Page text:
3. 3. THE GLOBAL INNOVATION 1000 Why Culture Is Key BOOZ & COMPANY’S features innovation ANNUAL STUDY SHOWS THAT SPENDING MORE ON R&D WON’T DRIVE RESULTS. THE MOST CRUCIAL FACTORS ARE STRATEGIC ALIGNMENT BY AND A CULTURE BARRY JARUZELSKI, THAT SUPPORTS JOHN LOEHR, AND RICHARD HOLMAN INNOVATION. 2 The elements that make up a truly innovative com- panies with unsupportive cultures and poor strategic pany are many: a focused innovation strategy, a win- alignment significantly underperform their competi- ning overall business strategy, deep customer insight, tors. Moreover, most executives understand what’s at great talent, and the right set of capabilities to achieve stake and what matters, even if their companies don’t successful execution. More important than any of the always seem to get it right. Across the board, for ex- individual elements, however, is the role played by cor- ample, respondents identified “superior product per- porate culture — the organization’s self-sustaining pat- formance” and “superior product quality” as their top terns of behaving, feeling, thinking, and believing — in strategic goals. And they asserted that their two mostIllustration by Leandro Castelao tying them all together. Yet according to the results of important cultural attributes were “strong identification this year’s Global Innovation 1000 study, only about with the consumer/customer experience” and a “pas- half of all companies say their corporate culture robustly sion/pride in products.” supports their innovation strategy. Moreover, about the These assertions were confirmed by innovation ex- same proportion say their innovation strategy is inad- ecutives we interviewed for the study. Fred Palensky, ex- equately aligned with their overall corporate strategy. ecutive vice president of research and development and This disconnect, as the saying goes, is both a prob- chief technology officer (CTO) at innovation leader 3M lem and an opportunity. Our data shows that com- Company, for example, puts it this way: “Our goal is to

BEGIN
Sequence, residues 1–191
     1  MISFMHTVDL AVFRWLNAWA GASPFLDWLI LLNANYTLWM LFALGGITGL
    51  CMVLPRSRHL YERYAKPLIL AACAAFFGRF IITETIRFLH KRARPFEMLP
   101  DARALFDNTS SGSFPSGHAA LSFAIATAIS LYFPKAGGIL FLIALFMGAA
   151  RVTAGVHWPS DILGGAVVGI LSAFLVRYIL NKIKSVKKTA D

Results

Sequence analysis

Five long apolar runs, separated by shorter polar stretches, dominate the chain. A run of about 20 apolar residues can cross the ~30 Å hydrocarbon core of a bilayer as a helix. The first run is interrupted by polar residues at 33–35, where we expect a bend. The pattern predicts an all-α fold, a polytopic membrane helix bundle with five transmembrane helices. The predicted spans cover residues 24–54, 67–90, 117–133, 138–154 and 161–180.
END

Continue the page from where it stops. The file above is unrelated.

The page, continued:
4. 4. Barry Jaruzelski John Loehr Richard Holman Also contributing to this article were s+b contributing editor is a partner with Booz & is a Booz & Company partner is a principal with Booz & Edward H. Baker and Booz Company in Florham Park, based in the firm’s Chicago Company based in Florham & Company senior associate N.J., and is the global leader office. He specializes in help- Park, N.J. He is a leader of Marc Johnson. of the firm’s innovation prac- ing automotive, industrial, and the firm’s innovation practice, tice and its engineered prod- aerospace companies reach a specializing in fields with ucts and services business. He position of product and market highly engineered products, works with high-tech and leadership through a combina- such as aerospace, industrial, industrial clients on corporate tion of product strategy and and high tech. and product strategy, product functional restructuring. development efficiency and effectiveness, and the trans- formation of core innovation processes. include the voice of the customer at the basic research the ways R&D managers and corporate decision mak- level and throughout the product development cycle, ers think about their new products and services — and to enable our technical people to actually see how their how they feel about intangibles such as risk, creativity,features innovation technologies work in various market conditions.” openness, and collaboration — are critical for success. If more companies could gain traction in closing As part of this year’s study, we surveyed almost 600 in- both the strategic alignment and culture gaps to better novation leaders in companies around the world, large realize these goals and attributes, not only would their and small, in every major industry sector. As noted, al- financial performance improve, but the data suggests most half of the companies reported inadequate strate- that the potential gains might be large enough to im- gic alignment and poor cultural support for their inno- prove the overall growth rate of the global economy. vation strategies. Possibly even more surprising, nearly To that end, we continue to emphasize the key 20 percent of companies said they didn’t have a well- finding that our Global Innovation 1000 study of the defined innovation strategy at all. world’s biggest spenders on research and development Understanding these issues is particularly impor- has reaffirmed in each of the past seven years: There is tant now that innovation spending is on the rise again. no statistically significant relationship between financial After last year’s 3.5 percent drop in global innovation performance and innovation spending, in terms of either spending, the first-ever decline shown in the data we total R&D dollars or R&D as a percentage of revenues. have tracked for more than a decade, R&D outlays 32 3 Many companies — notably, Apple — consistently un- have recovered. Spending among the Global Innovation derspend their peers on R&D investments while out- 1000 surged 9.3 percent in 2010, thanks in great part to performing them on a broad range of measures of cor- the perception of a worldwide economic recovery. (See porate success, such as revenue growth, profit growth, “Profiling the Global Innovation 1000,” page 5.) margins, and total shareholder return. Meanwhile, en- tire industries, such as pharmaceuticals, continue to de- The Alignment Gap vote relatively large shares of their resources to innova- Issues of culture have long been of great concern to tion, yet end up with much less to show for it than they corporate executives and management theorists alike, — and their shareholders — might hope for. whether they apply to companies as a whole or to se- Last year, we looked at the innovation capability lected areas such as innovation. The reason is obvious: sets companies put together, how they vary by innova- Culture matters, enormously. Studies have shown again tion strategy, and which groups of capabilities can best and again that there may be no more critical source of strategy+business issue 65 enable companies to outperform their peers. This year, business success or failure than a company’s culture — we took a different vantage point, analyzing the ways it trumps strategy and leadership. That isn’t to say that that critical organizational systems and cultural attri- strategy doesn’t matter, but rather that the particular butes support those capability sets that are most likely strategy a company employs will succeed only if it is sup- to promote innovation success. The results suggest that ported by the appropriate cultural attributes. So when